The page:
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Silver Sands State Park facts for kids

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Silver Sands State Park
Tombolo to Charles Island at low tide
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Location Milford, Connecticut, United States
Area 297 acres (120 ha)
Elevation 7 ft (2.1 m)
Designation Connecticut state park
Established 1960
Administrator Connecticut Department of Energy and Environmental Protection
Website Silver Sands State Park
Aerial photo of Silver Sands State Park, including Charles Island

Silver Sands State Park is a public recreation area located on Long Island Sound in the city of Milford, Connecticut. The state park consists of 297 acres (120 ha) of beach, dunes, restored salt marsh, open areas and woods as well as the 14-acre (5.7 ha) bird sanctuary of Charles Island. The park offers swimming, picnicking, trails, boardwalks, and opportunities for bird-watching. It is managed by the Connecticut Department of Energy and Environmental Protection.


The area includes the tidal channels of the Fletcher's Creek and Nettleton Creek watershed and had been a local dumping site and landfill from the 1920s until 1977. Soil analyses have indicated the presence of heavy metal pollutants, probably due to the area's use as a dump.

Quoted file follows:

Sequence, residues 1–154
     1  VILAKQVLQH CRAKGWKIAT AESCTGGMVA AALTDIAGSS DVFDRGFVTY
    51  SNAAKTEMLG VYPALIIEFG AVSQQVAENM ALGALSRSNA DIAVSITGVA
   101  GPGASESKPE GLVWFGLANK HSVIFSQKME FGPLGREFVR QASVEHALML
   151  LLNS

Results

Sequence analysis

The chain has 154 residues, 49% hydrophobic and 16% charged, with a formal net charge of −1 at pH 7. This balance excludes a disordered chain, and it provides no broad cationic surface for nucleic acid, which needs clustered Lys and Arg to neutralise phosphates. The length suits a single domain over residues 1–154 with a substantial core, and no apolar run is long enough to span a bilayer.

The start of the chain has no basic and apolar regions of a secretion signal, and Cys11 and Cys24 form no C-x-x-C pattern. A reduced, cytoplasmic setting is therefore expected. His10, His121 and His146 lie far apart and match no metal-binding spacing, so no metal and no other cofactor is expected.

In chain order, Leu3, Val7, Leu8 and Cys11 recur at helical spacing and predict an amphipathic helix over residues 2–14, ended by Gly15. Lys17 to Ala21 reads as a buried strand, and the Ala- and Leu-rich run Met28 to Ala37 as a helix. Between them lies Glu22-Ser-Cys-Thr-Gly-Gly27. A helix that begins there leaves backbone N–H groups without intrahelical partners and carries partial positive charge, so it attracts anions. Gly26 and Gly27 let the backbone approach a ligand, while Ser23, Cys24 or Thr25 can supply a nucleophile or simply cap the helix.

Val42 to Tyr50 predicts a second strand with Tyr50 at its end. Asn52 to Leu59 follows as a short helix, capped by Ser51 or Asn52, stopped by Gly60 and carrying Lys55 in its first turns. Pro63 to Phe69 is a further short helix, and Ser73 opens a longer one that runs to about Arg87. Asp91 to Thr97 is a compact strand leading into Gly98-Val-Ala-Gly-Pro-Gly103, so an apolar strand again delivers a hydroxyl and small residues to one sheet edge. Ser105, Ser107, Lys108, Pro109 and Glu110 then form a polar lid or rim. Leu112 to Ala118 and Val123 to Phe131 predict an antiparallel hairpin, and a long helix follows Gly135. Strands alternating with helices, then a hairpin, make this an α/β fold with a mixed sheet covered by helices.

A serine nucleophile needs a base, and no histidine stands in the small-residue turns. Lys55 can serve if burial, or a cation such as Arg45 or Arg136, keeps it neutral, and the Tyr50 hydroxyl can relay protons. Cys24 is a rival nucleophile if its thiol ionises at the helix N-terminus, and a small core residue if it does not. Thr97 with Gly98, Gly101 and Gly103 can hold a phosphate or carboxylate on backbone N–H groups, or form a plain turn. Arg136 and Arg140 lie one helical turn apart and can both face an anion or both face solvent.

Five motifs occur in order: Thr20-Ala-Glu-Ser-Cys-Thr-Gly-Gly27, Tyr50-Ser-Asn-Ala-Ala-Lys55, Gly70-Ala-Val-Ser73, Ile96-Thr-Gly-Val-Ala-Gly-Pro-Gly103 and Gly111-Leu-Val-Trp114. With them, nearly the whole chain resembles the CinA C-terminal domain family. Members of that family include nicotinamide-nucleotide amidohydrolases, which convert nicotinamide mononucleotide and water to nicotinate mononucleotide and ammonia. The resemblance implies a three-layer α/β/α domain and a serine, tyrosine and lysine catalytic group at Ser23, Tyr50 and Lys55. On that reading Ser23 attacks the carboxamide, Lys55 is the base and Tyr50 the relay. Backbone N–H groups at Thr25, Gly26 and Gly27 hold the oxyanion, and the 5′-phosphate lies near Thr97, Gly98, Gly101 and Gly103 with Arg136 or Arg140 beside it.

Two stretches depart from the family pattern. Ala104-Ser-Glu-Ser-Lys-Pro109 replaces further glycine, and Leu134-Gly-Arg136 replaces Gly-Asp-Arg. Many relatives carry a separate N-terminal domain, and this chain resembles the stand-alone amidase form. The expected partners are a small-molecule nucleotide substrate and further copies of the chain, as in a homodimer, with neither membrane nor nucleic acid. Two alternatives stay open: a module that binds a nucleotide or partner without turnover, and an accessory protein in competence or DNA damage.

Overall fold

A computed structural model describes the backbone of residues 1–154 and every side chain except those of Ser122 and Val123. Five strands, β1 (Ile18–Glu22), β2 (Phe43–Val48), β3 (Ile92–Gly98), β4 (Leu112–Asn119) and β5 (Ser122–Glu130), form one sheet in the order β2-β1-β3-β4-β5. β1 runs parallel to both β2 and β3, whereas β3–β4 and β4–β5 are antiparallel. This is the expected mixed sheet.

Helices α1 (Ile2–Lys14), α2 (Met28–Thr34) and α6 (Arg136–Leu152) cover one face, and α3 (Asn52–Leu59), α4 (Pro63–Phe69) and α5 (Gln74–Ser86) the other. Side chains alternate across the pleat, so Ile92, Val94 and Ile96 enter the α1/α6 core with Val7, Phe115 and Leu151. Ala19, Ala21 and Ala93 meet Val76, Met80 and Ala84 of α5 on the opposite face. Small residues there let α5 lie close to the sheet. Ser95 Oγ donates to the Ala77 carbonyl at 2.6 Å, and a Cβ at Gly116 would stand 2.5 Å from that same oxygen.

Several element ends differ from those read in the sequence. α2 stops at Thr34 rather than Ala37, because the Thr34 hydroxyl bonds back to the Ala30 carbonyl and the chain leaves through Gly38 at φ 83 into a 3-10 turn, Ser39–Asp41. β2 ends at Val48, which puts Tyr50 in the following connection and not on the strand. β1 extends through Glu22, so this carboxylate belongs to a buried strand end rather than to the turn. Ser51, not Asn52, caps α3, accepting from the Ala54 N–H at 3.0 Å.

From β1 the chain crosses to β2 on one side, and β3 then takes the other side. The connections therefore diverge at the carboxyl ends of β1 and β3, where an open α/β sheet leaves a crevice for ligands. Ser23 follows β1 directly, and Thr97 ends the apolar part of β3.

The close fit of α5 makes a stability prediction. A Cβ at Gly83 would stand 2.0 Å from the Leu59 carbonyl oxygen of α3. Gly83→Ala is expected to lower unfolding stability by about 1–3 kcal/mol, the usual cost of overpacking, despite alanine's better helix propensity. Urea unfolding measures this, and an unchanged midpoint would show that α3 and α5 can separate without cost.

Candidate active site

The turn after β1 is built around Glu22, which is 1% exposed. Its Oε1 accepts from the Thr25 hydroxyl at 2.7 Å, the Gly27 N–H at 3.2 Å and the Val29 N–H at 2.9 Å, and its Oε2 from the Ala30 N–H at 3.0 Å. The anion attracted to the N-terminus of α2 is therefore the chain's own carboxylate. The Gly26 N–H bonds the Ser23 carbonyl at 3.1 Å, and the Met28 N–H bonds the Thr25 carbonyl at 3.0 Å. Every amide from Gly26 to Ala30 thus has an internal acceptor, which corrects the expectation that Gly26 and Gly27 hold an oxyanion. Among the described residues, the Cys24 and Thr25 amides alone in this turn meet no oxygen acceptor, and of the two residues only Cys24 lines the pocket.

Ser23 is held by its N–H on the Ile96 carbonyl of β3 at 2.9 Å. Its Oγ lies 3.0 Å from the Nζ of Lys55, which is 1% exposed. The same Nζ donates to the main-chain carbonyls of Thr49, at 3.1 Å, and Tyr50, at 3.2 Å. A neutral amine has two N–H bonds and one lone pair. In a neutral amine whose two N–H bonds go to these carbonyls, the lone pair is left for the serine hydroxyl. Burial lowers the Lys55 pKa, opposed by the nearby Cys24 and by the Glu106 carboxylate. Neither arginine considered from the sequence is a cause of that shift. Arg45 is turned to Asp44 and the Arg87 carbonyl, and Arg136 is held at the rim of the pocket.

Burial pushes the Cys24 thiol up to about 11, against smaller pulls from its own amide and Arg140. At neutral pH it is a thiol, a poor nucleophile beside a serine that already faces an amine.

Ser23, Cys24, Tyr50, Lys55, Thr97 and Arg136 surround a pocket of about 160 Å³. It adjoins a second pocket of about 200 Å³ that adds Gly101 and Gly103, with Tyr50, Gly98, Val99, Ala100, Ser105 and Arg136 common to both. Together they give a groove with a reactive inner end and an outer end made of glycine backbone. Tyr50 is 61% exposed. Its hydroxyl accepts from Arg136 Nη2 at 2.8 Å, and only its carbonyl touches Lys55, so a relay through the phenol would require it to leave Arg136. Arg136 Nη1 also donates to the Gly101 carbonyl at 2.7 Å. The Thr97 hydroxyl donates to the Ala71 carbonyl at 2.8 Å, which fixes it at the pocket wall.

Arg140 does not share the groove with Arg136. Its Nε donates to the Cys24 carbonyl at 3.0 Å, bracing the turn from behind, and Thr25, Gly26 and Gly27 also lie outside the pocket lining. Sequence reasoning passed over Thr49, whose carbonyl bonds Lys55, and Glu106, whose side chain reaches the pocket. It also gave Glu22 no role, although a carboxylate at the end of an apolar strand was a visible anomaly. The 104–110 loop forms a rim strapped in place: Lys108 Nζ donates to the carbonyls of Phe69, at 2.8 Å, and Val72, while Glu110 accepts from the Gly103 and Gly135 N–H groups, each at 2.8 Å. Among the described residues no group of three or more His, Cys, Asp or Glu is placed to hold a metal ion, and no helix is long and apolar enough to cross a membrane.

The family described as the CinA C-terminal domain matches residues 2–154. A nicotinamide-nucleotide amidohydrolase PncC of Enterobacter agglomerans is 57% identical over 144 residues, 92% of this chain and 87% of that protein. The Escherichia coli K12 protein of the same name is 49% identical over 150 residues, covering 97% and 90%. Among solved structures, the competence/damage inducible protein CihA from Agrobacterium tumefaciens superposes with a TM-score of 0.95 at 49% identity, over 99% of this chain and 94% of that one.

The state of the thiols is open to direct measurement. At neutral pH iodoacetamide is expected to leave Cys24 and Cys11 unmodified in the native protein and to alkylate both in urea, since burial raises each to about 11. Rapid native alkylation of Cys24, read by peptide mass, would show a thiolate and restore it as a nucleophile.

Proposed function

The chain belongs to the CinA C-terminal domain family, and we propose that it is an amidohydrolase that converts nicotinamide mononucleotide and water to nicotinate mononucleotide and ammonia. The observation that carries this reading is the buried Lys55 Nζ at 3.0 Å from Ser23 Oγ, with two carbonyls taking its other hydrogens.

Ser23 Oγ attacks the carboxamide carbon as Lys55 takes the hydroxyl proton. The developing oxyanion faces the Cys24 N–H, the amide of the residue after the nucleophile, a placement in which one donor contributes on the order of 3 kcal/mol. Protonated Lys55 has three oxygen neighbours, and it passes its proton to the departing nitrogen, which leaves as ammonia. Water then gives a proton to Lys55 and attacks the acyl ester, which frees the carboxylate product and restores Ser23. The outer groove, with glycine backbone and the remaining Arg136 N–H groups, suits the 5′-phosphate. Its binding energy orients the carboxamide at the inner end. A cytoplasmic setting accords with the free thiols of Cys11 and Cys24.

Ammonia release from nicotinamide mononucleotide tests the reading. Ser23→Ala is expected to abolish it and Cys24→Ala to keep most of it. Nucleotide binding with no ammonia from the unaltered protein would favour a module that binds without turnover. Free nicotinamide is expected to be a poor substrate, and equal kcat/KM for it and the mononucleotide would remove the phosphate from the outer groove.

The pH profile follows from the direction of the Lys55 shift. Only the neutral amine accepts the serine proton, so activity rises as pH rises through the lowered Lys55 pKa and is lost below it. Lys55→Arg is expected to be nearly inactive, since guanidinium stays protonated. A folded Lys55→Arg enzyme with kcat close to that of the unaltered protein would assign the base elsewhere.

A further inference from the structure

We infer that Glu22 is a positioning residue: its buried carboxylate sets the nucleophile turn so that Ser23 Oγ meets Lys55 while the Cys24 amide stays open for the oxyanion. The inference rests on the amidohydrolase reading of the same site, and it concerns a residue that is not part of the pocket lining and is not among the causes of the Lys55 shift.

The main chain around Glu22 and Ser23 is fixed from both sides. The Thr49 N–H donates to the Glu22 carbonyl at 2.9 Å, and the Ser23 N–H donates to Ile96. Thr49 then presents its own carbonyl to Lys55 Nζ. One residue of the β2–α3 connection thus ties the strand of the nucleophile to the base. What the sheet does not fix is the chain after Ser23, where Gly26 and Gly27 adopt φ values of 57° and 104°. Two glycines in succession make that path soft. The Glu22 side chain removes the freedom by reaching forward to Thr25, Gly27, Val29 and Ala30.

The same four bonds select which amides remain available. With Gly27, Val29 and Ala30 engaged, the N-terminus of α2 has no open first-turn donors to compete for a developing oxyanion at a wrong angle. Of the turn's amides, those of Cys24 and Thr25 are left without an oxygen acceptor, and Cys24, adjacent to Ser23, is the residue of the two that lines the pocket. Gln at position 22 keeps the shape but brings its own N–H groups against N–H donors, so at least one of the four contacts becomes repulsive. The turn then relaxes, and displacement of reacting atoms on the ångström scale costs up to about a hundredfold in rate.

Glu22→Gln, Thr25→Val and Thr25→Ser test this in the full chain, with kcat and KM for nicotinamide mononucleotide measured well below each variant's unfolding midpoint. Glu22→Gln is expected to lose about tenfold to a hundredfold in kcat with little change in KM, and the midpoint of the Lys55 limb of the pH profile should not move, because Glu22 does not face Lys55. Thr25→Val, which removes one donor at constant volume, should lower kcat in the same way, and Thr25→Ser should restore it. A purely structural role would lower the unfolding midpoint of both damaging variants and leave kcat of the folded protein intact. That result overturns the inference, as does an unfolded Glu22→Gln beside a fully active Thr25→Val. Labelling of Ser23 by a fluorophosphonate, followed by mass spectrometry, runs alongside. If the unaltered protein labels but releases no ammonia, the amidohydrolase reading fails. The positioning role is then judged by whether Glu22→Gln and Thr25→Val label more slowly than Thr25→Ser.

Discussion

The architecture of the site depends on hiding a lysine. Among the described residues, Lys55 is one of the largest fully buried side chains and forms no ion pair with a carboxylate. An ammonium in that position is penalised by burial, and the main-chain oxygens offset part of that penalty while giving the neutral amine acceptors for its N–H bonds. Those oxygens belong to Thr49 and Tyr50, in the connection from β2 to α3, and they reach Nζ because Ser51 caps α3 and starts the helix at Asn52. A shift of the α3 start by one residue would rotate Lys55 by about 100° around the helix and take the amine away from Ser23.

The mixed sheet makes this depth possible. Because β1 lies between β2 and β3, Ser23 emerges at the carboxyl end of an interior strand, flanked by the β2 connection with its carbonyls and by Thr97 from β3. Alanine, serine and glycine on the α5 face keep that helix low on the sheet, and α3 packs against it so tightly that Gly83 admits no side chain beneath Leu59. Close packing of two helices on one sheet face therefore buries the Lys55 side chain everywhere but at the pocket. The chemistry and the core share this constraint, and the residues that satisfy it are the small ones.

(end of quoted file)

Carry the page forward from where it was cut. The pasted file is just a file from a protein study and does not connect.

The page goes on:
Acquisition of the park land by the state began in 1955, after Hurricane Diane destroyed 75 homes on the site. Once the last acquisitions were made, the park became a reality in 1960. In 1997, a project to restore the coastal wetlands along Silver Sands was approved. The park was renovated according to plans begun in 1990 by architect Alfredo De Vido and completed in 2000.


During low tide, visitors can walk across the tombolo to Charles Island, except from May through August when the island's nesting birds are left undisturbed. The wooded interior of Charles Island is protected for heron and egret rookeries. It is one of the largest wading bird rookeries in the state. The ruins of a Catholic retreat from the 1920s remain on the island. Popular belief says the island is the site of Captain Kidd's buried treasure.

The park lies adjacent to the city-owned Walnut Beach, to which it is connected by boardwalk. A boardwalk with railings extends from the parking lot to the beach (about 200 ft) and also runs along part of the beach. The land alongside the boardwalk had been used as a landfill. However, the salt water tidal marsh is being environmentally restored. Through the marsh, there are also remnants of the foundations of cottages that were destroyed by Diane. There is also an old dirt road that goes east–west through the park. Park trails form segments of the East Coast Greenway.

Many birds can be seen at the park. Least and common terns feed here. It is also a wintering area for raptors such as the rough-legged hawk, the snowy owl and the short-eared owl.

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